Tee went all out with their outfits – blue for day pink for night. Tee was feeling moody so wore sunglasses. They looked distinctly trans, there was no passing going on here. They looked exactly like the papers say we look – they didn’t shave, had a ton of make up on and felt great. Tee didn’t normally hug strangers but that day the sun was shining and they just couldn’t stop themselves , they were hugging everyone. They got so lost in the love that the event started late “I’m coming I’m coming!” Tee finally got up to that window at the Marlborough and looked down at the crowd who stretched as far as Sainsbury’s on Saint James’s Street – so many people! Tee looked out over their sunglasses on that bright, trans, sunny day and thought “ this is really cool.”

“Had sex?” Kate couldn’t remember; it had been years. Grace reminded her “you’re an attractive woman, you should be having sex.” Kate started to cry – a lot. And, as her friend handed her tissues, Kate thought: never mind sex, when was the last time I kissed someone? more tears, more tissues and then suddenly she saw a way out of this sexless trans lockdown Okay, sex might be far off but kissing – that felt possible and fun. She blew her nose and hugged her friend.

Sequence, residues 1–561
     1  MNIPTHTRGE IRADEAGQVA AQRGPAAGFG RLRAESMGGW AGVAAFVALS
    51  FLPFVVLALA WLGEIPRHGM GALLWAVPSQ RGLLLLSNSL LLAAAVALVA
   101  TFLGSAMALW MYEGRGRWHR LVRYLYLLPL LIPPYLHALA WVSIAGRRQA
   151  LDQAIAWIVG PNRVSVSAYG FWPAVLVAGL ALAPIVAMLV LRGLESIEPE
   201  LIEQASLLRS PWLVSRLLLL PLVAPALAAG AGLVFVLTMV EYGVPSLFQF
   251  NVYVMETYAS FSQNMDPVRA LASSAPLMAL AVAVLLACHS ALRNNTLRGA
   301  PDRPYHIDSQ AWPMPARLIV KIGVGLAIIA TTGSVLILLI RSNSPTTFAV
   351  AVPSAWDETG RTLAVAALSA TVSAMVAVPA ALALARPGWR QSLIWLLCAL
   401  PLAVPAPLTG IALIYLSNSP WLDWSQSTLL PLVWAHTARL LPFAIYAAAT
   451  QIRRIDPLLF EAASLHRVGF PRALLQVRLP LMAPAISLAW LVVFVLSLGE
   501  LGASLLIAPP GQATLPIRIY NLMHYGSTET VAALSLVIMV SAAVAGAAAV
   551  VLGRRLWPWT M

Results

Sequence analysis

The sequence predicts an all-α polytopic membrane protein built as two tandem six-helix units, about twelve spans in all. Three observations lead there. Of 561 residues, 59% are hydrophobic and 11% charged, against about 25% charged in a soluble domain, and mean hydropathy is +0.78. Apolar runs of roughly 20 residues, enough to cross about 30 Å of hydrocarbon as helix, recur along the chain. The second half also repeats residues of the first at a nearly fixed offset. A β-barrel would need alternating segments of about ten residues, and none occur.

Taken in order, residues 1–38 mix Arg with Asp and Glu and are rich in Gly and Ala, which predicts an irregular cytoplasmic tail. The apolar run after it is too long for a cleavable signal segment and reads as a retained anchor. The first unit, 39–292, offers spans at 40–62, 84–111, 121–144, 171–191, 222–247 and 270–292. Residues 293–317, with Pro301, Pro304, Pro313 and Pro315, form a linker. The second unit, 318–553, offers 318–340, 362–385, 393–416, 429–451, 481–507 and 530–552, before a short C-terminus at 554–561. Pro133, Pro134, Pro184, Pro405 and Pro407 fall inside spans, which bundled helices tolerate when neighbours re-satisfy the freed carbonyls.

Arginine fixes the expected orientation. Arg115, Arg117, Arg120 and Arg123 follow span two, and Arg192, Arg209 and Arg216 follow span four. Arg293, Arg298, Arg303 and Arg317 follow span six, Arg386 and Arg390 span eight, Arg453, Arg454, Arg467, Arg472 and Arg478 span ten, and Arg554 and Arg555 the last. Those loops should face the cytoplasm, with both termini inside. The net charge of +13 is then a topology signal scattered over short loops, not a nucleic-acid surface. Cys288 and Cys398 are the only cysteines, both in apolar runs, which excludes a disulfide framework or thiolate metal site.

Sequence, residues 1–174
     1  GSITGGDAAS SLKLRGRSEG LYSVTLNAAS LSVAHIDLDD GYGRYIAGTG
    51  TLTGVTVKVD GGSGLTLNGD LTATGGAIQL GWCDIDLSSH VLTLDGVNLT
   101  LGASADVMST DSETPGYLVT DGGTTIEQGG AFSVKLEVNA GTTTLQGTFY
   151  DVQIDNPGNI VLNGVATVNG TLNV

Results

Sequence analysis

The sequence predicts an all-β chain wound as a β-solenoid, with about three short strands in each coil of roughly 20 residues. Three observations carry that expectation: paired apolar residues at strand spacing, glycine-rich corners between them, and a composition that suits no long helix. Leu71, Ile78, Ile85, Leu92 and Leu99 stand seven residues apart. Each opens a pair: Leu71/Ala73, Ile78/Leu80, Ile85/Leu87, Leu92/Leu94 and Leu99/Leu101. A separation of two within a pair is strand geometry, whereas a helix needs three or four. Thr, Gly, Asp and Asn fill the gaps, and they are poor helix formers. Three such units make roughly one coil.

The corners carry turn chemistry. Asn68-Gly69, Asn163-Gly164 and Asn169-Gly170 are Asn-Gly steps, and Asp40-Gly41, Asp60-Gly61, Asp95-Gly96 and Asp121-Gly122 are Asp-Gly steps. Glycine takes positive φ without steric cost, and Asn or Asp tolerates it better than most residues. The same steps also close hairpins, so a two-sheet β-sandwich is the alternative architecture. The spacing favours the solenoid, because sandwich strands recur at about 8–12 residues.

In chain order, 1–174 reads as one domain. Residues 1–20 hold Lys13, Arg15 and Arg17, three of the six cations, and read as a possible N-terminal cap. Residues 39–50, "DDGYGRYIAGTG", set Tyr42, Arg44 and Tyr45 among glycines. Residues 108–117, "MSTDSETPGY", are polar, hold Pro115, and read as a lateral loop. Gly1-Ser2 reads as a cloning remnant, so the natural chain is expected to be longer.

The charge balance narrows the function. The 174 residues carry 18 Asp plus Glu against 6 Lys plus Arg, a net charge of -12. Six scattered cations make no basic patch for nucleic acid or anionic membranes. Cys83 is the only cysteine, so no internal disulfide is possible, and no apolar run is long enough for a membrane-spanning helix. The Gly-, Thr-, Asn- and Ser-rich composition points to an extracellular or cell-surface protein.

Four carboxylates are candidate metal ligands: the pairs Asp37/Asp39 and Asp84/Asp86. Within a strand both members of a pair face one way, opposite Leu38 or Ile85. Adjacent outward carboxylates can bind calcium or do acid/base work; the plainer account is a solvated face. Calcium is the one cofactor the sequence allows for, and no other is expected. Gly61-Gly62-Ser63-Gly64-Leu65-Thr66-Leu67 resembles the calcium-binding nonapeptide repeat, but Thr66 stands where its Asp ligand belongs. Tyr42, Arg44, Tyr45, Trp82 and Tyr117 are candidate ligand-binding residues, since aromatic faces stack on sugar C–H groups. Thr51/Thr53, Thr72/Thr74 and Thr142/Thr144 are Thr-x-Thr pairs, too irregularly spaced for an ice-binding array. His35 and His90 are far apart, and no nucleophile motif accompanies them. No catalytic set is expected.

“Trans women are women trans men are men and non binary is valid” Erin felt very off line right now, this was a lot .She found a quiet spot in Brunswick place and sat with her new friends knowing this would be one of her favourite days.